As Trump witnessed the Capitol assault he did nothing for two hours.  If Trump did not desire the violence at the Capitol, why did he fail to intervene while those he was sworn to protect were being hunted down?

On Jan. 6, Donald Trump betrayed his oath of office and his country.  But Rochester, seeing ambiguity where there is none, blithely opines that Trump’s behavior doesn’t rise to the level of an “impeachable offense” or “treason.”

James R. Moog


In Marty Rochester’s Jan. 27 commentary (“Condemn rioters, not the whole party”) he described the violence that took place at the Capitol on Jan. 6th as “gray and complicated.” However, this riot was not “gray” — it was shown in living color on our televisions.

After President Trump filled the “Save America Rally” with falsehoods, protesters were seen smashing into the Capitol carrying plastic ties to be used as handcuffs and searching for elected officials whom they threatened to harm. They killed a police officer among the five others who died.

That anyone is trying to downplay the attempt to destroy the central principle of our democracy by making it seem “gray and complicated” is appalling.

He ended his piece by saying that the 74 million Trump voters “deserve to be treated with respect rather than labeled as ‘deplorable.’ ” My response can best be summarized by Hillary Clinton who said in 2016, “you can put half of Trump supporters into what I call the basket of deplorable. They’re racist, sexist, homophobic, xenophobic, Islamophobic — you name it.” Clinton used the world “deplorable” to describe people who would soon witness the president create the Muslim travel ban, celebrate families being separated at the border, abide children being in cages, and defiantly deny the value of Black lives — and still vote for him.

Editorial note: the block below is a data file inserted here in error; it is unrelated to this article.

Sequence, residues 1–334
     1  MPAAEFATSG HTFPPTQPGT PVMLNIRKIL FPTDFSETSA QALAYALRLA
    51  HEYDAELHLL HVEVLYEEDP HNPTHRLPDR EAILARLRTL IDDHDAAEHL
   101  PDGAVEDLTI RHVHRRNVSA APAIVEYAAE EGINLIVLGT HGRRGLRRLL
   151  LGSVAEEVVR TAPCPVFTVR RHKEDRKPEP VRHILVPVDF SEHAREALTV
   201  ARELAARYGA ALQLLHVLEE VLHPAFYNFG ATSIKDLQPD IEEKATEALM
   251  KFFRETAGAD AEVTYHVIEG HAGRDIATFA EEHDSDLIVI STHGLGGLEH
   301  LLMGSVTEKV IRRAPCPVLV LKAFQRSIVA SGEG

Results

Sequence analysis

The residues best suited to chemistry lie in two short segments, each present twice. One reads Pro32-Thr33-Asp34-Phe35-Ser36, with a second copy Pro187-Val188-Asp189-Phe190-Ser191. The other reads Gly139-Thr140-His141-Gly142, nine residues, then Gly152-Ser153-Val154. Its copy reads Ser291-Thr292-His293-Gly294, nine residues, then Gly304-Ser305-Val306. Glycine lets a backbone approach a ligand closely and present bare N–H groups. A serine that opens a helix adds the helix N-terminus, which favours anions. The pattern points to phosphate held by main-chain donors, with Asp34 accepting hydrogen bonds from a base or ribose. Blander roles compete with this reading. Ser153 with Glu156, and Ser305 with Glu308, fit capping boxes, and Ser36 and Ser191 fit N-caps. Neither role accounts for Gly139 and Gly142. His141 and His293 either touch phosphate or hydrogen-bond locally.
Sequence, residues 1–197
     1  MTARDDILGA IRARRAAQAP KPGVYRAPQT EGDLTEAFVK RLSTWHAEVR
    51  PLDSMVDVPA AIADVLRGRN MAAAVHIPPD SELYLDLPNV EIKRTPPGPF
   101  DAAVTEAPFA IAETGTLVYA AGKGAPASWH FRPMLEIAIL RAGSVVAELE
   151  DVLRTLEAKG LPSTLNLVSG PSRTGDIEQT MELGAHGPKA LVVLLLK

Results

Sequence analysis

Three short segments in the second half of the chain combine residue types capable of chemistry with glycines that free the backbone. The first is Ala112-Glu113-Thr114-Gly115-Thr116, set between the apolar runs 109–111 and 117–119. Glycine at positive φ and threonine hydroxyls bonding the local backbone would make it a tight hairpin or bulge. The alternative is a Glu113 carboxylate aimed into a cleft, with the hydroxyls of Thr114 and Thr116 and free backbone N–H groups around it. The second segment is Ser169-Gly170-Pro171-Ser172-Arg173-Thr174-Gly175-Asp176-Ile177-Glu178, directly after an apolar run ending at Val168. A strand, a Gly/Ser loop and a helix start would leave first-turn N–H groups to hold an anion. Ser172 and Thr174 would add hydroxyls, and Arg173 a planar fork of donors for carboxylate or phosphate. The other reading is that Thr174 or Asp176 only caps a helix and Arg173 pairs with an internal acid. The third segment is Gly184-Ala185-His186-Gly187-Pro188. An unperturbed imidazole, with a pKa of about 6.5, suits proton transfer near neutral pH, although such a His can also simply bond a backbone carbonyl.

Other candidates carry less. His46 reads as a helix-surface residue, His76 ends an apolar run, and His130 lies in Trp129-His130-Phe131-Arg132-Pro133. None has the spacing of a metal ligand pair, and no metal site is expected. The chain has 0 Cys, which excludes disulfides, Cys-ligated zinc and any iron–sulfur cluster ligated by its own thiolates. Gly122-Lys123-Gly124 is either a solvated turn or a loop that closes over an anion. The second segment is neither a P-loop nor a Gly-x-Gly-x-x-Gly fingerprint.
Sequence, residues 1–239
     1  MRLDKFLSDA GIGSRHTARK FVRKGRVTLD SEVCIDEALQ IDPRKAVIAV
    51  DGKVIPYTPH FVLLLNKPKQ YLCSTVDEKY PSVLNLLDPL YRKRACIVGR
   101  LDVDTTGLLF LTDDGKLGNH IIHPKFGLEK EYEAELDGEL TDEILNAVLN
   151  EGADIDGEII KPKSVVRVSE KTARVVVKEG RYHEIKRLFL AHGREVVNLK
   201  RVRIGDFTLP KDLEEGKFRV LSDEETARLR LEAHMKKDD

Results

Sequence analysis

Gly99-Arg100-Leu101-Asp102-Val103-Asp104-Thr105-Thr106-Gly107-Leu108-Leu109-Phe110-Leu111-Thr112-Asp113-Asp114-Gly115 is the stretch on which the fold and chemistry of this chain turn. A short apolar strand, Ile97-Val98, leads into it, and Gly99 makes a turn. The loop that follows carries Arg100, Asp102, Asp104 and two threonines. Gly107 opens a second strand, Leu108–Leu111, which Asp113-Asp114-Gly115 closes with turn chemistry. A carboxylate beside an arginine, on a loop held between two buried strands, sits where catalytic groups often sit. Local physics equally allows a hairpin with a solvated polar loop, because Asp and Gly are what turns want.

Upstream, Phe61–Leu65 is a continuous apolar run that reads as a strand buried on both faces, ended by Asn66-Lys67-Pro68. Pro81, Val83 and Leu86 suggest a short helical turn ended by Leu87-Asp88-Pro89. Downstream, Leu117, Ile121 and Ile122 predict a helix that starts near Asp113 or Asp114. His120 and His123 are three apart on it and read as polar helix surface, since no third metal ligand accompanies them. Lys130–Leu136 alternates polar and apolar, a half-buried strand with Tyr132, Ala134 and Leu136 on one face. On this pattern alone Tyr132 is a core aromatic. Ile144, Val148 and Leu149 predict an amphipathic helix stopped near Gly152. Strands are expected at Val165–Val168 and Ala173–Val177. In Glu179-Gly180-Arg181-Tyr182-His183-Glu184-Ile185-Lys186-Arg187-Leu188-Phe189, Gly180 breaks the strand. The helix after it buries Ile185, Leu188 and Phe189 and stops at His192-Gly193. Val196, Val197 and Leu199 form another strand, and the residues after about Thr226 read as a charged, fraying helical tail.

Hatred, white supremacy and misogyny are sickening, repugnant, and, yes, deplorable. Only accountability will allow our country to heal and move forward.

Jay Goldstein


Judging others favorably 

Recently the Light’s website included an article by the Jewish Telegraphic Agency about Andy Borans and his affiliation with Turning Point USA (Jan. 17, “An AEPi executive is involved in a group that took part in the pro-Trump DC rally. He has no regrets.”). I have had the privilege of knowing Andy since 2001 and working with him from 2007-2012. Andy was a neighbor of mine, he was a guest at my wedding, he ate at my home for Shabbos and Yom Tov meals, he was a colleague, mentor, and, most importantly, a friend.

Like so many others, I have been deeply emotionally impacted by the events of Jan. 6 and was distraught to learn that Andy had even a passing association with TPUSA. However, upon a few moments’ reflection, I admitted to myself that I did not, in fact, know the circumstances of TPUSA being involved or not with the events of Jan 6. Moreover, I recognize that the Torah teaches us that we must judge others favorably and realized that the most logical answer for Andy’s involvement in an organization that deals with college students is likely his extensive background and decades of experience in serving Jewish college students. It didn’t take much consideration to determine that it was much more likely that Andy was offering his counsel on how to better work with and respect Jewish students than affiliating with anything even in the least anti-Semitic.

After the article was published, a Facebook post by Andy confirmed exactly what I had suspected, and he has since stepped down from TPUSA. The previous article headline stating that he “has no regrets” was disingenuous and a misrepresentation of his lack of comment at the time. There is no greater advocate of Jewish college students or democracy than Andy Borans. We would all do well in these times to attempt to judge others favorably, lest the content of a headline misrepresent our true beliefs.

Sam Zitin

St. Louis